Ahoy, mateyes! said the bed bugs.
"Ahoy, mateys!" said the bed bugs. Courtesy the motherfucking Navy

Sensing they were walking into a public relations nightmare, Senate Republicans have made an abrupt about-face, and have agreed with Dems to extend the debt ceiling (i.e. the government's ability to borrow money) into December—a move that may have possibly avoided a global economic emergency. (Sorry, we're not giving the GOP credit for doing what was merely "the decent thing.")

Well! The Seattle Times Editorial Board and the Stranger Election Control Board agree. Vote Sarah Perry for King County Council.

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FYI: The Stranger Election Control Board's general election endorsements come out next Wednesday, the same day ballots get mailed out.

Yesterday in Slog PM, Charles overviewed the racist mailer from Councilmember Kathy Lambert that targeted her colleague Councilmember Girmay Zahilay: Lambert seems to have stuck to her indignation. She told KING 5 it was "preposterous" that her actions were racist, saying, "I do a lot of work in Africa so if I had something against him because of his color I wouldn't be doing the work I do in Africa.” She's had plenty of time to learn from her mistakes.


Gay City has a new home: They hope to move into the Pine Bellevue office building at 400 E Pine by the end of the year, reports Capitol Hill Seattle blog.

Sub flub: A Bremerton-based submarine called the USS Connecticut, described as "one of the U.S. Navy's most advanced and secretive submarines," hit an "object" while submerged in the South China Sea on October 2, the Navy announced today. 11 sailors were injured, although none of the injuries are life-threatening. Here's the Navy:

The submarine remains in a safe and stable condition. USS Connecticut’s nuclear propulsion plant and spaces were not affected and remain fully operational. The extent of damage to the remainder of the submarine is being assessed. The U.S. Navy has not requested assistance. The incident will be investigated.

Maybe we can blame... bed bugs? The USS Connecticut has a history of nasty bed bugs. This is from March of this year:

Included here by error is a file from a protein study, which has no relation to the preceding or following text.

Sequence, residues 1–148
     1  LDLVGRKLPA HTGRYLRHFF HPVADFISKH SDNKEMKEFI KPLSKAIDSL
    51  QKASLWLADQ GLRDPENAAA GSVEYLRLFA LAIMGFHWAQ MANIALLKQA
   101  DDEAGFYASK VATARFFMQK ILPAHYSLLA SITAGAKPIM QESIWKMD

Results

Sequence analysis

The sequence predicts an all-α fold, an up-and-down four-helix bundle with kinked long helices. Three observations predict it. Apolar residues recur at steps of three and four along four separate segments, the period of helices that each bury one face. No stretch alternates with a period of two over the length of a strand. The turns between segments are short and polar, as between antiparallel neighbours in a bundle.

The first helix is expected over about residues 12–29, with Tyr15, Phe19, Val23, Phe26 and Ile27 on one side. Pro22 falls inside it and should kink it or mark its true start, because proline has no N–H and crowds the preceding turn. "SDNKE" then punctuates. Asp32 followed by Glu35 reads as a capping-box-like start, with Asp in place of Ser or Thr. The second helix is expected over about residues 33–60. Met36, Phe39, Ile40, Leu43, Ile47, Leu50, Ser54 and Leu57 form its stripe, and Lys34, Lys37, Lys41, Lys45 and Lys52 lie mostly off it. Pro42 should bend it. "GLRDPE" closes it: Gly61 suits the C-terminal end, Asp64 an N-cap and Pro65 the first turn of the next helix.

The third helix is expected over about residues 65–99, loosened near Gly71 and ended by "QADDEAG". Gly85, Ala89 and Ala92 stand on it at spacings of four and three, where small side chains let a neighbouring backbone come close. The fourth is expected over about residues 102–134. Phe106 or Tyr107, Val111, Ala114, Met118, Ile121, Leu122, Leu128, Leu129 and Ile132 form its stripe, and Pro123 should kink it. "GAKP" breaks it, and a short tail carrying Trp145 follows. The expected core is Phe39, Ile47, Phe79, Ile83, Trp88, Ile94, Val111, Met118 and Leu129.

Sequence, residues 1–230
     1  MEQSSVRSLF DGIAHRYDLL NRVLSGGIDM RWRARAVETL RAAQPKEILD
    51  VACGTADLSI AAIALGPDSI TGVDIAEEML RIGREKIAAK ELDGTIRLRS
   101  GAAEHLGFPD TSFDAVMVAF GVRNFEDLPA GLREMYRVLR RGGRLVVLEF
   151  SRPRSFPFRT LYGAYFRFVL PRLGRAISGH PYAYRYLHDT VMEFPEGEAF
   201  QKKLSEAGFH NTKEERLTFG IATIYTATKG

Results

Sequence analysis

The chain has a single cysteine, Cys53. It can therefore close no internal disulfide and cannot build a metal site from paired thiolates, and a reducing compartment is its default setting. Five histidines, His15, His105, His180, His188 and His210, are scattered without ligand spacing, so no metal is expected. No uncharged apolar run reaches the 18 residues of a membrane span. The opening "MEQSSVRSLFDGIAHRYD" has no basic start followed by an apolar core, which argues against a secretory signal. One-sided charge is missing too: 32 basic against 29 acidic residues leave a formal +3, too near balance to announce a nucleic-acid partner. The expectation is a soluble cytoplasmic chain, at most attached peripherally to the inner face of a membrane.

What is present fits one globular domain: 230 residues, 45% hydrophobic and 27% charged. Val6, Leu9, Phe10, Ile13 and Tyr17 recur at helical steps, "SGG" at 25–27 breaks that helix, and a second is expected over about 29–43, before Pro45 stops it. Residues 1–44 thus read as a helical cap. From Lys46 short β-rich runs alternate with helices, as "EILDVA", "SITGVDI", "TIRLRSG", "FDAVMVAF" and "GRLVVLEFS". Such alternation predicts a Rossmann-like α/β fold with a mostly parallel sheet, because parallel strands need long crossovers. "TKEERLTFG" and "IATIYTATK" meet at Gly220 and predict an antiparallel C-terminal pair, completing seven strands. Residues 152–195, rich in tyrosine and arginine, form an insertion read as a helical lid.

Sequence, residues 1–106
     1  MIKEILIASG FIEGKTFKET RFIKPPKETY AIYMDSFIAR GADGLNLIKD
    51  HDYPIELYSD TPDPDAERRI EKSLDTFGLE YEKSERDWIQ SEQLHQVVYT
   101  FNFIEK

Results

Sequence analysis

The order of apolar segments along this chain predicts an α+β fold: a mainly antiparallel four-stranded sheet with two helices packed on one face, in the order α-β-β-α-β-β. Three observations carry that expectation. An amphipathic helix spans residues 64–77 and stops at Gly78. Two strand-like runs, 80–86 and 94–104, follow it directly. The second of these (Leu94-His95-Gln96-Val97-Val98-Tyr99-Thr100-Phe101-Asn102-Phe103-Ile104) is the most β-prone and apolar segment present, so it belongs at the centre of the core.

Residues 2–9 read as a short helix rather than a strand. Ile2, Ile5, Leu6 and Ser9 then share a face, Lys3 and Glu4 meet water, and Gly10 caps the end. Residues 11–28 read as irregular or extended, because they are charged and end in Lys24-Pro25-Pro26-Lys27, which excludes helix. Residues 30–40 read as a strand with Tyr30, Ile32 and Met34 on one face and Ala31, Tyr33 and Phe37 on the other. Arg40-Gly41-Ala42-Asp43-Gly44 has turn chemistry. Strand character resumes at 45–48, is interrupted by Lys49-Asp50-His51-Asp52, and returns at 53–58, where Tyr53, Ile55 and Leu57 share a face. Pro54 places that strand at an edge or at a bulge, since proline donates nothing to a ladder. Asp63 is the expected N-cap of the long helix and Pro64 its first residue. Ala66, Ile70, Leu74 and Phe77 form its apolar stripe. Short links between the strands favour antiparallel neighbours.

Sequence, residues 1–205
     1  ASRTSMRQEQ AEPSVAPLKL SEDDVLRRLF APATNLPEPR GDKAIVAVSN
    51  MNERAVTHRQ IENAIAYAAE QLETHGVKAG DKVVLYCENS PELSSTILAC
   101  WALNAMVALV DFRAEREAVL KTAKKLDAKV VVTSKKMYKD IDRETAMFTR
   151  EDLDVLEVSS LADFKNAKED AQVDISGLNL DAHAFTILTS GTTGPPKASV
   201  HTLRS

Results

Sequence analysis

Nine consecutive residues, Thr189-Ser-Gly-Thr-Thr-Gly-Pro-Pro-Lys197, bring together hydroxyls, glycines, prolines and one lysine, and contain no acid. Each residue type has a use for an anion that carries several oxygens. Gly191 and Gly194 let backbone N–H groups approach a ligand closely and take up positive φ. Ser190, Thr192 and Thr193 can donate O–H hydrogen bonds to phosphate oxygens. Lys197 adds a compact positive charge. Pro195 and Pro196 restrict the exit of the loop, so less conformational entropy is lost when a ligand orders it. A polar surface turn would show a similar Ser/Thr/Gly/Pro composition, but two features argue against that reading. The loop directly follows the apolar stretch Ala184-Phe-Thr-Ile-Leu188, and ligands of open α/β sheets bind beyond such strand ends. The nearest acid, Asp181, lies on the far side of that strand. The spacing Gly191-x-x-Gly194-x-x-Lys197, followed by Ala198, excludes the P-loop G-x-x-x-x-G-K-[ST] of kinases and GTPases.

It got so bad that some crew members took to sleeping in chairs or on the floor of the crew’s mess to escape the elusive bloodsuckers during their deployment, said one petty officer.

“People were getting eaten alive in their racks,” said the petty officer, who alleges that the infestation spread to several enlisted berthing spaces and at least one officer state room.

[...]

“If someone’s sleep deprived because they’re in the rack getting eaten alive by bedbugs, he could fall asleep at (the controls) and run us into an underwater mountain,” the petty officer said.

Just saying.

A new Senate Judiciary Committee report details the extraordinary lengths Trump went to in his attempt to overthrow the 2020 election, pushing GOP leaders across the country to declare massive voter fraud, and using intimidation tactics against the Justice Department to the point where there were almost mass resignations. Please, no Trump 2024.

Meanwhile Trump and his lawyers are advising his former aides—including Mark Meadows, Kash Patel, Dan Scavino, and Stephen Bannon—to ignore subpoenas to appear before Congress and answer questions about the former president's involvement with the January 6 domestic terrorist attack on the capitol. (Good! We'd love to see all these guys in jail.)

Pfizer pharmaceutical is asking the FDA for emergency approval of their COVID vaccine for kids ages 5 to 11, and an FDA advisory committee has agreed to consider it at a meeting later this month.

Good luck trying to go to the San Juans: Crew shortages are leading to lots of cancellations.

Today in "things we don't talk about enough": "Artist puts coffin on Trump's Hollywood star to highlight preventable COVID-19 deaths."

People are eating up the news that William Shatner is headed to space, thanks to Jeff Bezos's Kent-headquartered Blue Origin: "Bezos reaches for a star," reads one New York Times headline out today, featuring snazzy lines, like: "The billionaire space race is happening, whether we choose to pay attention or not. Of course, the billionaires would prefer that we did."

We're no Musk fanboys, but we've been thinking about this exchange all week:

What do you call the neighborhood around the Seattle Center: Lower Queen Anne? Uptown? West Seattle Center? The question came up today because we mentioned there's a new record shop opening up in Queen Anne, and someone on Reddit complained we should've said Uptown.

The City calls it Uptown: Seattle City Councilmember Andrew Lewis proposed a resolution earlier this year to officially call that area Uptown. It passed 8-0 (Strauss didn't vote), and Google followed suit by updating its map. But culturally... the name doesn't seem to stick.

Nathalie Graham texted Councilmember Lewis about his resolution back in April: Here's what he said.

What do you say to people who think the change is dumb?

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Lewis: "Uptown is in the process of forging its own unique identity separate from Queen Anne. They asked me to put forward a resolution affirming the Uptown name for the neighborhood. People are free to call it what they want, but it’s clear Uptowners want that to be the official name."

We're sticking with Lower Queen Anne: But we're open-minded about Uptown. That said, we don't have skin in this game; most of us live on Capitol Hill 🙃




Wait, wait, one last thing: Is Shaq in Uptown?

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